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Associazione Calcio Monza is an Italian football club based in Monza, Lombardy, Italy. Founded in 2015 as S.S.D. Monza 1912, it is the successor to the club founded on 1 September 1912 as Monza Foot Ball Club. The team went through various refoundations and mergers, the last of which being Associazione Calcio Monza Brianza 1912, declared bankrupt and expelled from professional football at the end of the 2014–15 season.

Monza
AC Monza 2019 logo.svg
Full nameAssociazione Calcio Monza S.p.a.
Nickname(s)I Bagaj (Brianzolo: The Boys)
I Biancorossi (The White and Reds)
I Brianzoli
Short nameMNZ, MON
Founded1 September 1912; 106 years ago (1 September 1912), as Monza F.B.C.
2004; 15 years ago (2004), as A.C. Monza Brianza 1912
2015; 4 years ago (2015), as S.S.D. Monza 1912
GroundStadio Brianteo
Capacity18,568 (7,499 operational)
OwnerSilvio Berlusconi[1]
PresidentPaolo Berlusconi
Head coachCristian Brocchi
LeagueSerie C
2018–19Serie C/B, 5th
WebsiteClub website

Monza is one of the Italian teams with the most appearances in Serie B, taking part in 38 editions, with the last time being during the 2000–01 season. In its history, the club has never reached the Serie A, making it the team that has participated in the most Italian second division tournaments without ever achieving promotion in the first division. Monza holds the record of victories in the Coppa Italia Serie C, winning it four times. They also won four Serie C championships, an Anglo-Italian Cup and a Coppa delle Alpi.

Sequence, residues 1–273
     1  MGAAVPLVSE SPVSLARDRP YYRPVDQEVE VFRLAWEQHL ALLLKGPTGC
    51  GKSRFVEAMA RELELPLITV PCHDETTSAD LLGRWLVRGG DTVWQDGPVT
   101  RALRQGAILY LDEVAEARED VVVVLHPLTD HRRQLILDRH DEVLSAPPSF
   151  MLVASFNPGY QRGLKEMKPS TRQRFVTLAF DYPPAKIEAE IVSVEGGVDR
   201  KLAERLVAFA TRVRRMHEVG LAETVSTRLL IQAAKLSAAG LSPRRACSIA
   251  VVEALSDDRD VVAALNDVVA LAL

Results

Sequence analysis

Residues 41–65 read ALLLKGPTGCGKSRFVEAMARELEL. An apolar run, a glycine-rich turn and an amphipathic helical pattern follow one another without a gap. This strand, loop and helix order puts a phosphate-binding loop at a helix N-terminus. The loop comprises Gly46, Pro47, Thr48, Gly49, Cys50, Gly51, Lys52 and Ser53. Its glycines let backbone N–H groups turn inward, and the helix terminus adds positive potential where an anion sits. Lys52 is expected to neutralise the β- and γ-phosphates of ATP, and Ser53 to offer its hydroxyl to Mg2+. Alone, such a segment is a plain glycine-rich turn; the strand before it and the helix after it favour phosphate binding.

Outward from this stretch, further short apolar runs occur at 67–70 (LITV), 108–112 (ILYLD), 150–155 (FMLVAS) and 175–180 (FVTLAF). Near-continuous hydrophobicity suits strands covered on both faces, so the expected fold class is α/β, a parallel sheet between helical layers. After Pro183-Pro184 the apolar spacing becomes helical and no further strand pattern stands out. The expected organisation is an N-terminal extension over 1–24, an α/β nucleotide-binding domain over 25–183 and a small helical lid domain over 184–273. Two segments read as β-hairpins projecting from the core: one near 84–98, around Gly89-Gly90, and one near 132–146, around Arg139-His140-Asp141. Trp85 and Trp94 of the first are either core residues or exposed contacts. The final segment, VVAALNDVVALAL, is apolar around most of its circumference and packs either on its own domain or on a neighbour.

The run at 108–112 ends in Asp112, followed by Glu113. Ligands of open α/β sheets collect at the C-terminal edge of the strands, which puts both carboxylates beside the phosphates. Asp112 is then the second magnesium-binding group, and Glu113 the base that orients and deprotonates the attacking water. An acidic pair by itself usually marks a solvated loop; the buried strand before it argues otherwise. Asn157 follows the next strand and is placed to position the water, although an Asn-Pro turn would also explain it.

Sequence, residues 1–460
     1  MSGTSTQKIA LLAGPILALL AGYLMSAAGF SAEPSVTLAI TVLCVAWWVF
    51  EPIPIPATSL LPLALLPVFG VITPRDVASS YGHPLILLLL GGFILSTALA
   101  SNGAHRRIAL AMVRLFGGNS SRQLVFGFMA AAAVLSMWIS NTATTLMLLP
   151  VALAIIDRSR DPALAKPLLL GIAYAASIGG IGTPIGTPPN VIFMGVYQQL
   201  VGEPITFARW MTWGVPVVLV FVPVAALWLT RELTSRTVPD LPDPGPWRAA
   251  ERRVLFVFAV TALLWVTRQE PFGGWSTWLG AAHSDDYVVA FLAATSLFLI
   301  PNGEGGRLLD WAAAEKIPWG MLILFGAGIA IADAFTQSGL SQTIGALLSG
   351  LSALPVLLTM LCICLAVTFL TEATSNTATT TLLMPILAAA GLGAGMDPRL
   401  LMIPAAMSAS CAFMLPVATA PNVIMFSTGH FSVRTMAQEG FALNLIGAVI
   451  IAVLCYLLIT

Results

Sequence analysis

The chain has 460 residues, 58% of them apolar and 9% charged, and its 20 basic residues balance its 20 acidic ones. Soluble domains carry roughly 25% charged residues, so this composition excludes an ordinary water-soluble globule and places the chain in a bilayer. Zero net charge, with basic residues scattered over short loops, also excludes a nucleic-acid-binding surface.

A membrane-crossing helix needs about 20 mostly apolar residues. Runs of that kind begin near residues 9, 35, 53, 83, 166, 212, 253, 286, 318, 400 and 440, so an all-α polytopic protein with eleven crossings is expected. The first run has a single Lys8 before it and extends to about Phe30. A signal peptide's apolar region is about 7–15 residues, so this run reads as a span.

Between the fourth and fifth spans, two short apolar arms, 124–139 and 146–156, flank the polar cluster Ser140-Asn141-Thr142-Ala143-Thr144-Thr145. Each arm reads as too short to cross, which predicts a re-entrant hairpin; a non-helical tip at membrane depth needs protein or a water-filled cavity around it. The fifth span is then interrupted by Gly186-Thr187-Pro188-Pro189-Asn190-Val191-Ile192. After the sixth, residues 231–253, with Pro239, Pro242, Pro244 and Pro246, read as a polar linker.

Known as i Bagaj ("the Boys"), Monza's kit colours have traditionally been red and white. They have played at the Stadio Brianteo since 1988.

Contents

HistoryEdit

The club's history began in 1912, when the fusion of various city societies gave life to Monza Foot Ball Club. Starting from the Terza Categoria, the club climbed the divisional ladders Italian football during the 1920s and 1930s. In 1939, although still playing in Terza Divisione, the club reached the Coppa Italia quarter-finals (the only team of this level to be able to achieve the same result was Bari in 1984, to then be overcome in 2016 by Alessandria who reached the semifinals).[2] In 1951 Monza gained promotion to the Serie B and stayed in the division for fifteen years,[3] before going back to Serie C. Returning immediately to the second division, Monza opened its first success cycle in the mid-seventies, when it was noted for its performance in the Coppa Italia Serie C: they played three consecutive finals, winning the first two over Lecce and Sorrento, but losing in 1976 in a second confrontation with the Apulians. At the end of the season, the team won the Anglo-Italian Cup in the final against Wimbledon FC. At the end of the seventies the Lombard club came close to gaining promotion to the Serie A, but lost the chance two matches from the end of the season.

Between the eighties and nineties, Monza saw an era of success between the second and third division: in 1988 and 1991 they won the Coppa Italia Serie C, both times against Palermo. In 1996, the club lost in the Coppa Italia Serie C final against Empoli. At the beginning of the 2000s, the club returned to Serie C1 again and in the mid-2000s, after losing the Coppa Italia Serie C final against Salernitana, Monza entered administration and started again from Serie D.[4] In 2017 the club won the Serie D and returned to the Serie C, before losing their fourth Coppa Italia Serie C final in 2019, against Viterbese.